tralac Daily News
The European Union has raised concerns over Minister Ebrahim Patel’s plans to ban the exports of scrap metal as a measure to prevent theft, warning that such “trade distorting measures” may contravene South Africa’s obligations as a member of the World Trade Organisation. The issues were raised in a written comment submitted by the EU to the Department of Trade, Industry and Competition on its policy proposals to curb scrap metal theft in South Africa. The most contentious of the proposed measures is a six-month ban on the exportation of ferrous and non-ferrous waste and scrap metal to curb theft while other regulatory measures are put in place. The EU has, however, argued that South Africa should first put measures in place at a domestic level before contemplating an export ban.
The poultry industry expects to see an increase in dumped imported chicken, particularly from Brazil, within the next few months after receiving a “licence” to continue their dumping from Minister of Trade, Industry and Competition Ebrahim Patel. According to a report by the FairPlay Movement, Rainbow Chicken (owned by JSE-listed RCL Foods) has called for the immediate imposition of anti-dumping duties on bone-in chicken portions from Brazil, Denmark, Ireland, Poland and Spain. The South African Poultry Association (Sapa) says they have reconciled themselves to Patel’s decision to suspend the imposition of anti-dumping duties for 12 months, but it will hurt the industry.
The International Trade Administration Commission (Itac) found evidence of dumping and introduced provisional anti-dumping duties for six months at the end of last year. After receiving submissions and comments from several importers from the affected countries and local stakeholders it recommended the introduction of the duties for a period of at least five years.
However, Patel considered the “current rapid rise” in food prices locally and globally and the impact the imposition of the anti-dumping duty may have on the price of chicken and postponed the imposition of the tariffs by a year.
Sapa CEO Izaak Breytenbach says the minister has wrongly assumed that the tariff increase will lead to increased prices. “We have always argued that an increase in tariffs has never led to an increase in consumer prices.” The main reason is that consumers never benefit from the lower prices. Imports are priced at market or slightly lower prices than the price of local products.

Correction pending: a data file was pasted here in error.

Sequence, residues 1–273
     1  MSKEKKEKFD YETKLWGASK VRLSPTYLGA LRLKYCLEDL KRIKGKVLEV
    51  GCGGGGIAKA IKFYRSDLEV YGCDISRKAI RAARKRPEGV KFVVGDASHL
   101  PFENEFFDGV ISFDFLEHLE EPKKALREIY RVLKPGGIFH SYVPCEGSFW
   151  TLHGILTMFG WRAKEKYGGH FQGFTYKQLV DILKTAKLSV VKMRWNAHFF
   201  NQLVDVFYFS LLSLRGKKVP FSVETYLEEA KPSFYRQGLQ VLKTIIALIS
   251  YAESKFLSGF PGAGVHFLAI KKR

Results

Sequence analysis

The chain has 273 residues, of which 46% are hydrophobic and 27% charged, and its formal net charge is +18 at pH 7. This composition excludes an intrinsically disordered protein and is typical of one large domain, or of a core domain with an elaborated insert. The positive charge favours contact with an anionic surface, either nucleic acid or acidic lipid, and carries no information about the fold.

Breytenbach says Sapa expects to see the quantum of the increase in about three months’ time when the South African Revenue Service publishes the latest import statistics. He says the industry will not take any legal action because of the suspension of the tariffs, but still finds it “surprising and disappointing” that the minister decided not to protect the local industry while acknowledging that dumping of bone-in chicken portions is causing producers “material harm”.
Better coordination and collaboration can speed up the process of resolving Botswana and Namibia’s ban on South African vegetable exports. For this reason, the participation of key role players from different spheres of government dealing with market access issues is essential to speedily identify and resolve market access challenges. Botswana and Namibia’s recent unilateral decision to block some fruit and vegetable exports from South Africa is unfortunate and contradicts the existing Southern African Customs Union (SACU) trade agreement. In 2021 the Western Cape’s total vegetable export to the SACU totalled R268 million, with seventy-five per cent of this destined for Namibia and Botswana.
Import tariffs and non-tariff barriers continue to represent critical barriers to South Africa’s agricultural exports. Importantly, they should never become arbitrary or unjustifiable. However, when they do, they pose a discriminatory challenge for an export market, countering the benefits of a duty-free trade formed through customs unions or regional economic regions. While trade diplomacy is facilitated at a national government level with the partner country, leveraging the relationships that the Western Cape Department of Agriculture (WCDoA) has established through its commodity approach model could streamline processes to speed up discussion among role players.
TIASA takes SATMC, ITAC to court as tyre battle intensifies (Engineering News)